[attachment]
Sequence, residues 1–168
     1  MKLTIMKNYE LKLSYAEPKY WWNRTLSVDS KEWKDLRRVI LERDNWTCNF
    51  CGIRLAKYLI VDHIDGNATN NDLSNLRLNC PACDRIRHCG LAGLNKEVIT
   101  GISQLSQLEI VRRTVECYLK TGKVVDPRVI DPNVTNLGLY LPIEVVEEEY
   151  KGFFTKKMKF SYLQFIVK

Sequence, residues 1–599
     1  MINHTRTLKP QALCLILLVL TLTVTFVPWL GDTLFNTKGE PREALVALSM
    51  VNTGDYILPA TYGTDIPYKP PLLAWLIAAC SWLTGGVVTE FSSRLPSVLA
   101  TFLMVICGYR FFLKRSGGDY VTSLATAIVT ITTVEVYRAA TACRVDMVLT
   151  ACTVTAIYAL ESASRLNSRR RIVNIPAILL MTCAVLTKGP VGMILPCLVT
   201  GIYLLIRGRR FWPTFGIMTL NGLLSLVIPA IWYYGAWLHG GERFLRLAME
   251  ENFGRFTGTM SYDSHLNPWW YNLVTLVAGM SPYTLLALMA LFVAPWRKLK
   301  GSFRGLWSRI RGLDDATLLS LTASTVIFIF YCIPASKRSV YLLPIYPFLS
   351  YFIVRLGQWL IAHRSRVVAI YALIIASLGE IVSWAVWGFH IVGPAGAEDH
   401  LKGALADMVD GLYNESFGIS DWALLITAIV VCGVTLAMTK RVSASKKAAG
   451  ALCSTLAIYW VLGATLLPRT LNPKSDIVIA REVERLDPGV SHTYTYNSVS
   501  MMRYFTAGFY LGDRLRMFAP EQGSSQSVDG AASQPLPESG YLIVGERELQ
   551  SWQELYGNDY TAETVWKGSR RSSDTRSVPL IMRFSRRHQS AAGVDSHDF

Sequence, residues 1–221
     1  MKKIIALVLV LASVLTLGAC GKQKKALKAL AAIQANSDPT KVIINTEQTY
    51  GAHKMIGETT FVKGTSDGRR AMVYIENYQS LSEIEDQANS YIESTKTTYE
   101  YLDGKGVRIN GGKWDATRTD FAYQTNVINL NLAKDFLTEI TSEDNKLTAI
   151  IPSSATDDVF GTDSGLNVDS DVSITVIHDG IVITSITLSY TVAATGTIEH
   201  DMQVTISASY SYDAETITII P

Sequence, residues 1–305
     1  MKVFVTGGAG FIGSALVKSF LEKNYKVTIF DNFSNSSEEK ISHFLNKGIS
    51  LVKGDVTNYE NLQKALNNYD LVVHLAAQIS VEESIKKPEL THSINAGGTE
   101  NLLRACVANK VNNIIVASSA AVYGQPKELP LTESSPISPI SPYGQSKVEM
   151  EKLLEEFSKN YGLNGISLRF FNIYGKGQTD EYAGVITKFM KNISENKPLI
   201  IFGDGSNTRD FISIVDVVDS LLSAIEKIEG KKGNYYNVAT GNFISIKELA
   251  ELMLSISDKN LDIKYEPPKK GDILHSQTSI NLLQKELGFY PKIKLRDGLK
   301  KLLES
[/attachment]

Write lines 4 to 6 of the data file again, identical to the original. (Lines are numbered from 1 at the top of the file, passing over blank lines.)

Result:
   101  GISQLSQLEI VRRTVECYLK TGKVVDPRVI DPNVTNLGLY LPIEVVEEEY
   151  KGFFTKKMKF SYLQFIVK

Sequence, residues 1–599